Bhutan has always been on the top of everyone’s travel list. But what exactly can you do here other than trekking and going on cultural tours? Here are list of the top things to try when you are in Bhutan or to be included in your itinerary.
Bhutan’s road-less-traveled is eastern Bhutan. The simplicity of eastern Bhutanese people, rugged terrains, unexplored festivals and trek routes make eastern Bhutan the most sought-after region in Bhutan. Semi-nomadic twin villages of Merak and Sakten, rich textile weaving cultures of Lhuntse, raw silk in Radhi villages and wood works of Trashiyangtse makes the east worth exploring.
River rafting remains one of the most popular adventures in Bhutan. Due to the presence of turbulent alpine rivulets to staid wide sub-tropical rivers, you have options for both short or multi-day river rafting in Bhutan. Short rafting session is being carried out in more placid Phochu River in Punakha Valley, which offers splendid views of fortresses and people going about their daily lives with towns and villages located alongside the rivers.
Dirt roads, ancient mule tracks and trek routes are being used by professionals for ultra biking quest and amateurs use easy country side roads and lateral highways. Fresh air, limited traffic and the scenic beauty of the routes make mountain biking an exhilarating way to enjoy Bhutan.
Chilli and cheese are essential ingredients in Bhutanese cuisine. A curry conjured up with Chilli and Cheese locally known as “ema datshi” is worth tasting. A meal of red rice, dried beef and ema datshi is the staple diet of Bhutanese and will excite your taste buds with delicious flavours.
Suja or the butter tea is one of the specialities in Bhutanese recipes. Butter tea is served in all occasions with other traditional meals. Traditional tea leaves is boiled in water, churned in a bamboo churner with fresh cow or yak butter and salt. It bears a buttery salt taste. Yes, you heard right, a salty tea!
Check out our Blog: How to make Ema Datshi
One of the best ways to experience Bhutanese way of life is to visit a farmhouse. Farmhouses are simple structures made up of locally available mud, timber and stones with distinct Bhutanese wood designs and paintings. Time your visit with a dinner and a hot stone bath. Hot stone bath is an ancient way of healing common ailments such has body aches, wounds and stomach diseases. Certain types of stones are heated until red hot in fire built by wood, it is then put inside a tub containing cold water. You will dip into the warm to hot water, and take a nap as you feel your body muscles relax.
Hiking and Trekking are very popular in Bhutan because it allows the traveler to get off the beaten track and into the wondrous Bhutanese landscape. Just imagine wandering through a wilderness with a diversity of flora and fauna that has led to Bhutan being declared one of 10 global hot spots for environmental conservation. Treks range from short soothing walks through terraced fields and idyllic hamlets to some of the most arduous high altitude treks.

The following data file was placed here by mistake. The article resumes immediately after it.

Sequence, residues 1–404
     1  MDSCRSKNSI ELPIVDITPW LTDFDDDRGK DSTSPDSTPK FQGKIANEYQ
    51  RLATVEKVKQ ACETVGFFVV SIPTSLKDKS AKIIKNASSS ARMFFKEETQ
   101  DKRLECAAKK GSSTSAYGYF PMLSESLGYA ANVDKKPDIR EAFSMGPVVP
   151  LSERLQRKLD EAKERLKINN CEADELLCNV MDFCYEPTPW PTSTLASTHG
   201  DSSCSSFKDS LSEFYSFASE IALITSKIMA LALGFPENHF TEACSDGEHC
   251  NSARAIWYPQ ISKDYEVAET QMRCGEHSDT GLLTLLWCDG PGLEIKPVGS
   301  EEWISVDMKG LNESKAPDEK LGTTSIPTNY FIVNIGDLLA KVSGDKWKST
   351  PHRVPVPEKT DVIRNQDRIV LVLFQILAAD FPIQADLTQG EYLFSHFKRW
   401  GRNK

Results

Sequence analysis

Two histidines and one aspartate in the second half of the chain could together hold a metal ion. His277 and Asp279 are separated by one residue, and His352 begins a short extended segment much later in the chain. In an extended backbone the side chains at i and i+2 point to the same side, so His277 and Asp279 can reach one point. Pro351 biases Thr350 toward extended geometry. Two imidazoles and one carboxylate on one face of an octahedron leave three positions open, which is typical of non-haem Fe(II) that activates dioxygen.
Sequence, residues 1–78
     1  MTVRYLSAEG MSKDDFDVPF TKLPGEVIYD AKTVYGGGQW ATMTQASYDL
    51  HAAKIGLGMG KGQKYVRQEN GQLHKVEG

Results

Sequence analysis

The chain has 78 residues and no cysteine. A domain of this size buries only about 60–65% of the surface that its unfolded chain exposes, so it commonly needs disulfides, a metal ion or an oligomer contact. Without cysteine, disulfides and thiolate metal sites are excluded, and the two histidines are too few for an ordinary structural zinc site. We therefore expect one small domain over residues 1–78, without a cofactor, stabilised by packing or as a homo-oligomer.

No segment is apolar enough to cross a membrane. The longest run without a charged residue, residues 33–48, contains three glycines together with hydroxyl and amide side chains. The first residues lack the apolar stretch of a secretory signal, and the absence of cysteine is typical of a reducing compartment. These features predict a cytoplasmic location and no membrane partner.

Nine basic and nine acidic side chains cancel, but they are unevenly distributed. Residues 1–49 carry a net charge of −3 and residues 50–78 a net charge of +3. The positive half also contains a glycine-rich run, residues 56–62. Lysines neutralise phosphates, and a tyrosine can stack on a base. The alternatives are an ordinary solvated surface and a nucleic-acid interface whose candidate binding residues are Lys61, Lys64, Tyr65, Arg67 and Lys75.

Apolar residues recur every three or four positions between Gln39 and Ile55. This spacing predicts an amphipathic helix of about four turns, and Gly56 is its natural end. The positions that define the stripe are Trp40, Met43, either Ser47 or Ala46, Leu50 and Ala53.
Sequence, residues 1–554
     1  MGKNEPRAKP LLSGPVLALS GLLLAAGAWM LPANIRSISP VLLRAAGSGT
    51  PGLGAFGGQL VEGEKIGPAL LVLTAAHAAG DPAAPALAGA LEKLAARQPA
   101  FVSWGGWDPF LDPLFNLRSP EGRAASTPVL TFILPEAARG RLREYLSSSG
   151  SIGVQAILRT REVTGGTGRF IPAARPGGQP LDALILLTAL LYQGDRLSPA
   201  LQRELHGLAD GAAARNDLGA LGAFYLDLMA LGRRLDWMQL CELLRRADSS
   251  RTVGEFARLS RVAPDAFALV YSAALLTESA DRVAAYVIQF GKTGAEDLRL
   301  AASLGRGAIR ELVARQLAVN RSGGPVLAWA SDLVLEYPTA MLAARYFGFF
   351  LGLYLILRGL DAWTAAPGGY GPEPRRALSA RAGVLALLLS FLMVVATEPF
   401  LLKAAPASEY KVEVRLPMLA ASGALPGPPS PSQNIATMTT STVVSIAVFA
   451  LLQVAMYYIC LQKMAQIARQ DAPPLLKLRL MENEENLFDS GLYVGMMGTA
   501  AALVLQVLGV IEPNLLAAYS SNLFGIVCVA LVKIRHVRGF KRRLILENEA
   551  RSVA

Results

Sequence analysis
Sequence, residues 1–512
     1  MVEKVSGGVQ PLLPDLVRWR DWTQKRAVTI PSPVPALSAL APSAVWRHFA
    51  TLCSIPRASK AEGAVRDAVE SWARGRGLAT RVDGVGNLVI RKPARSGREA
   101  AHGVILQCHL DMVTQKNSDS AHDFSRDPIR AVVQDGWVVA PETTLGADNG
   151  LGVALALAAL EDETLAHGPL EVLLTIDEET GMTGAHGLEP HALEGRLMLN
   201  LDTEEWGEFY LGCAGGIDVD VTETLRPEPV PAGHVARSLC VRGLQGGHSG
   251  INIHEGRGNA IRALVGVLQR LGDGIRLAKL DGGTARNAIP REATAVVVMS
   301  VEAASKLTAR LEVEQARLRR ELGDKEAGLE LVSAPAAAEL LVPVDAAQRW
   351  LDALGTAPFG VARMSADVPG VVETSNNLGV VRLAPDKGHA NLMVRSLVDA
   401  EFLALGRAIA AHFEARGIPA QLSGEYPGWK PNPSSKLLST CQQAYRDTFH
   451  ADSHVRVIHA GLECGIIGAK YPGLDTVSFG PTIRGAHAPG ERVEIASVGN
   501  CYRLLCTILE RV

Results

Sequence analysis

Opposite to Taj Tashi is a long line of temporary huts made of bamboo mats. It should be interesting to check these handicraft stores as they sell genuine Bhutanese artworks.
If it’s a weekend, you can visit the vegetable market, which is locally known as the Centenary Farmer’s Market. Locals from as far as Paro, Punakha and Wangdue come here to sell their farm produce. It offers wonderful opportunity for photography. The lower floor houses red rice and other grains as well as dry fish, fruits and vegetables. The upper floor contains Bhutanese incense, local vegetables, betel nuts, dried meats, cheese and butter. If you crossing the bridge on to the other side you will find handicrafts and imported garments.
Thimphu, the only capital city in the world without traffic lights is a must-see place. It’s a unique city with mix of both traditional and modernism. Visit bars, karaoke bars and discos to get an insight to Bhutanese inclination to different cultures. Also explore the little outskirts of the city which will take you to the life of rural settings.
The national costumes, Gho for men and Kira for women are fascinating attires in Bhutan. It is similar but different to ones worn by Tibetans. Gho is a knee-length robe resembling a Scottish kilt. It’s tied at the waist by a traditional belt made of cotton weave. Kira, an ankle-length dress is a woven fabric. The rectangular piece is wrapped and folded around the body and pinned at both shoulders, usually with silver brooches. It’s then tied at the waist with a long belt. Its worn with tego, sort of like a jacket.
Archery is the national sport of Bhutan. These matches are held on ad hoc basis and if you happen to catch a match, it is fun to spend few minutes observing. We can also arrange an archery demonstration on prior notice for a more hands-on experience.
“A night guest is like a God” is an old Bhutanese saying. Strangers are treated like guests in Bhutan. You can talk to locals – especially children who are eager to share information about themselves, the school they attend and their families. Talking to seniors will provide an insight into Bhutanese way of life, culture, transitions and challenges in their unique life.
Bhutan produces one of the best beers and whiskies in the world. Druk 11000, Lager and Red Panda are some of the best that can nourish your taste buds. Special Courier, Highland and K5 are good whisky brands. Try some locally produced fermented wine and ara, to get taste of Bhutanese alcohol.
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